I don’t think any of these hypotheticals are at all exaggerated fantasies, except maybe the Mass Murderer regime having behaved decently for a change.

      If that were the case, it seems the more moral attitude is to be happy we got 100 thousand extra premature USian deaths over the last half-year, in exchange for the 100 million which won’t occur because Biden wins.

      I do think less than half the 210,000 deaths to the present laid at the door of the Mass Murderer is being overly charitable to him. His niece apparently thinks the same. Actually, 210,000 is likely to be much closer to 280, 000, once the difference between actual and statistically expected deaths becomes known. And there will be others his fault occurring after Biden takes over.

      • Diana MacPherson
        Posted October 2, 2020 at 5:15 pm | Permalink

        I think sorting out those variables of what if’s requires Laplace’s Demon and we really should just try to be decent people working together.

      • Posted October 2, 2020 at 5:16 pm | Permalink

        I suspect you have a ready answer to the Trolley Problem, too!

  3. Steve Gerrard
    Posted October 2, 2020 at 2:21 pm | Permalink

    Hopefully people will catch on to the difference between a screening test and a diagnostic test.

    A screening test means if it is positive, you can’t get a haircut or watch this movie or board this aircraft, and you should probably go get a PCR diagnostic test because there is a good chance you are infected, so call your doctor.

    A diagnostic test means if it is positive, you have COVID-19.

  4. Mike
    Posted October 2, 2020 at 2:45 pm | Permalink

    “Companies aren’t built to deal with that level of uncertainty, or to serve a market that would dramatically shrink, or disappear altogether, if their product did its job. Even if the experimentation would benefit the public, it doesn’t make sense for individual businesses to take on those risks.”

    Those are risks and costs that government should take on, but when one major political party is invested in the idea that government is the problem then no government solution is ever considered as the first option. Only when the market declines to get involved do Republicans seem to consider may doing a half-hearted job via government.

    In this case there is still (afaik) no government-led development of testing technology. Governments run facilities, but they buy the testing technology from private companies. Maybe others here know that’s not the case?

  5. Randall Schenck
    Posted October 2, 2020 at 2:46 pm | Permalink

    This was an excellent article on the testing and an education in what we could be doing. It would require a national effort which cannot be done with this administration but maybe next year. Such a waste of human life that we have such an idiot in charge. Probably few people will take the time to read all of this but they should. I should say not only the loss of life but the destruction to the economy that could be prevented. The aircraft industry is going down the tubes right now and a national testing program would have prevented this.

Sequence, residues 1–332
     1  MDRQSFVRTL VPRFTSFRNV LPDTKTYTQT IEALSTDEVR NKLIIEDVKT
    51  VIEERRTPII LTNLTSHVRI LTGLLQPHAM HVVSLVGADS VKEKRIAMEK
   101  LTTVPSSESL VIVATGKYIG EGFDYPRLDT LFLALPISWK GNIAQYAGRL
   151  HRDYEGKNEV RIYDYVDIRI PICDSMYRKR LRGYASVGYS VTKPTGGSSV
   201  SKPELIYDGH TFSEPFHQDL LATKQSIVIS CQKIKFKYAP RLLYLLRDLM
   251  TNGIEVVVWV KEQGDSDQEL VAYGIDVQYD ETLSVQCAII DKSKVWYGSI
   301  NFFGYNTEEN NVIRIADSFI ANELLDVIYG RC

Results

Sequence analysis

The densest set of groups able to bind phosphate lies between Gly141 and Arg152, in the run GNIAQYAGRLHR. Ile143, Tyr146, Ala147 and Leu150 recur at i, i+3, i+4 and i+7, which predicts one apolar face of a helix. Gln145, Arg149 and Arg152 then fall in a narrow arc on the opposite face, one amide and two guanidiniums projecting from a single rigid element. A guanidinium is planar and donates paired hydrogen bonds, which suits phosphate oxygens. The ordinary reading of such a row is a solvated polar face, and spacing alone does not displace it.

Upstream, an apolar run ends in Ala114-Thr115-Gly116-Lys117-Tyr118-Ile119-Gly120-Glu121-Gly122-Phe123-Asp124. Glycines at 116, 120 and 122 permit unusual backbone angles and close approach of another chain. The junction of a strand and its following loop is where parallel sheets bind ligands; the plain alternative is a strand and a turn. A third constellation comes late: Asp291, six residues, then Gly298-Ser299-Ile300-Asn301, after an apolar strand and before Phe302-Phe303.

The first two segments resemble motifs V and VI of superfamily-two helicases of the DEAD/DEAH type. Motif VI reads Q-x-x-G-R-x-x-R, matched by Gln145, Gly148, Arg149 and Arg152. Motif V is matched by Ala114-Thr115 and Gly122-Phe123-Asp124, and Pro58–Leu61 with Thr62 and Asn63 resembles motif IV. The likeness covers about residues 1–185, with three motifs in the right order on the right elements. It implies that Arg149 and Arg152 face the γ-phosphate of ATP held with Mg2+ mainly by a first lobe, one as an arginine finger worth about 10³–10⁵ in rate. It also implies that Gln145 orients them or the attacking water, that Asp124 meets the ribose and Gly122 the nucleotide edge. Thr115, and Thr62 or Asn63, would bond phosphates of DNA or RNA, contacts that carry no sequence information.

6. jezgrove
    Posted October 2, 2020 at 4:04 pm | Permalink

    Could they do “pooling” for a whole Trump rally and if it tests positive for a brain cell do further tests to find the owner? (Sorry if that’s a little offensive, it’s been a very l-o-n-g week…)

  7. Posted October 2, 2020 at 4:44 pm | Permalink

    the Trump administration has addressed the lack of testing as if it is a nuisance, not a national-security threat.

    That is too kind by far. The Trump administration has acted as if the *availability* of testing is a threat to them, because it is. Trump wanted to avoid scaring Wall Street away from stocks, and to avoid having the general public see how bad this pandemic is. In August the CDC modified its official guidelines, and no longer recommended that those who have been exposed to the virus but currently lack symptoms get a test. This, after many comments by Trump saying, right out loud, that testing makes the situation look bad.

  8. Posted October 2, 2020 at 4:46 pm | Permalink

    “the Defense Production Act, a wartime regulation, still on the books, that allows the government to force companies to mass-produce things in case of a national crisis, like this one.”

    It isn’t even as draconian as this makes it sound. It is not a matter of the companies not wanting to mass-produce things and they need the DPA to “force” them to do it. After all, they will be paid for what they produce. Instead, a DPA invocation greatly reduces their business risk. One of the biggest risks faced by manufacturing companies, especially with modern just-in-time manufacturing, is producing a large amount of product for a demand that doesn’t materialize. This can put a company out of business. The DPA mitigates that risk.

    https://en.wikipedia.org/wiki/Defense_Production_Act_of_1950

  9. Torbjörn Larsson
    Posted October 2, 2020 at 10:26 pm | Permalink

    The main reason we screwed up is, of course, Trump. In this case the authors indict him for failing to invoke the Defense Production Act, a wartime regulation, still on the books, that allows the government to force companies to mass-produce things in case of a national crisis, like this one.

    So that is what US has been doing!? Irony:

    ‘Our Big War.’ As Coronavirus Spreads, Trump Refashions Himself as a Wartime President